Earth on Fire: The Overheating Planet

Earth on Fire: The Overheating Planet

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The reason some popular posts are tagged ‘no title’ is not because they have no title—they all do—but because the old Blogger embedded the title at the top of text, and the new software does not see that. You can see the titles in capitals at the start of each snippet. (It would be nice if Blogger introduced an upgrade program that could fix this little problem.)

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Saturday, 6 March 2010


A section of the Arctic Ocean seafloor that holds vast stores of frozen methane is showing signs of instability and widespread venting of the powerful greenhouse gas, according to the findings of an international research team led by University of Alaska Fairbanks scientists Natalia Shakhova and Igor Semiletov.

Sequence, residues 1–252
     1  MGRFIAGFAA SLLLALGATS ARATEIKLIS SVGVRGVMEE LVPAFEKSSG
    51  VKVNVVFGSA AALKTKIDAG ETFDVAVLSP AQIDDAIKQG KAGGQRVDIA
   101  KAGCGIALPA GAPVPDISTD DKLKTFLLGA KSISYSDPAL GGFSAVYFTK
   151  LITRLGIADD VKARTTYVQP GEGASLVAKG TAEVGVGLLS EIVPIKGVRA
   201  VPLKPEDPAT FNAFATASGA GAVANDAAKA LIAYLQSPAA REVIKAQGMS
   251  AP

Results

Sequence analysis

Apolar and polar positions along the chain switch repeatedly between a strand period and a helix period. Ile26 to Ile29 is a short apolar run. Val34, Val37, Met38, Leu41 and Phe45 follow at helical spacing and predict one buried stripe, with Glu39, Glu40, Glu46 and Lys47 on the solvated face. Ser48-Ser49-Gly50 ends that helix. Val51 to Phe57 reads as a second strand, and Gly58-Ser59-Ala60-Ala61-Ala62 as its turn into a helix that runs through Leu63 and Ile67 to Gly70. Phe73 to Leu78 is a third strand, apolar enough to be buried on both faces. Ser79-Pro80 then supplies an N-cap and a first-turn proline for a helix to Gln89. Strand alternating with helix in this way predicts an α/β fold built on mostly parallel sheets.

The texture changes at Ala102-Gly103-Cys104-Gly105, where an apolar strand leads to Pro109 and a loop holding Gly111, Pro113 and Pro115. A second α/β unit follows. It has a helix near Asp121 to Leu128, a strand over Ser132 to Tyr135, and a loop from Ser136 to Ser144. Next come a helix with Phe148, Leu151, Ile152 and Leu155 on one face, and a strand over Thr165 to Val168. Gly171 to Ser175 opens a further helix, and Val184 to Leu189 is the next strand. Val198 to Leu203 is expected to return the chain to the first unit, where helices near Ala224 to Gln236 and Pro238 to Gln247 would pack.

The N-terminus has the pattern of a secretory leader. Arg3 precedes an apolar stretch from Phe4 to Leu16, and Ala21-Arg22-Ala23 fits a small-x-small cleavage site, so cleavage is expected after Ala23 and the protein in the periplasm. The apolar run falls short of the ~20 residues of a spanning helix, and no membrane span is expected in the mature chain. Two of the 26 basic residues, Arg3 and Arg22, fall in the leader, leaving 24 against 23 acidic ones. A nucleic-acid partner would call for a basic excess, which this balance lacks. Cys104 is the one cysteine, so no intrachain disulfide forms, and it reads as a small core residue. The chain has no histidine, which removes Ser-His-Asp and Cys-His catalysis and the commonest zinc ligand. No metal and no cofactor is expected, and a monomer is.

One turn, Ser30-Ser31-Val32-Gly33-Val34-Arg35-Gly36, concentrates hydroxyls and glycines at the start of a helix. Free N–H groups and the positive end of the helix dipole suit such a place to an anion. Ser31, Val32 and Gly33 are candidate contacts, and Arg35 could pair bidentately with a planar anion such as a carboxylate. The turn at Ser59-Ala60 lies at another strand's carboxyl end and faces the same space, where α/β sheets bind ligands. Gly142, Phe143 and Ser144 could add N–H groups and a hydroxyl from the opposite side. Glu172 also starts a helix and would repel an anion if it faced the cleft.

The research results, published in Science on March 5th, show that the permafrost under the East Siberian Arctic Shelf, which has long been considered an impermeable barrier that seals in methane, is perforated, and is leaking large amounts of methane into the atmosphere. Release of even a fraction of the methane stored in the shelf could trigger abrupt climatic warming.

'The amount of methane currently coming out of the East Siberian Arctic Shelf is comparable to the amount coming out of the entire world's oceans,' said Shakhova, a researcher at UAF's International Arctic Research Center. 'Subsea permafrost is losing its ability to be an impermeable cap.'

Methane is a greenhouse gas more than 30 times more potent than carbon dioxide.

The full report is on ScienceDaily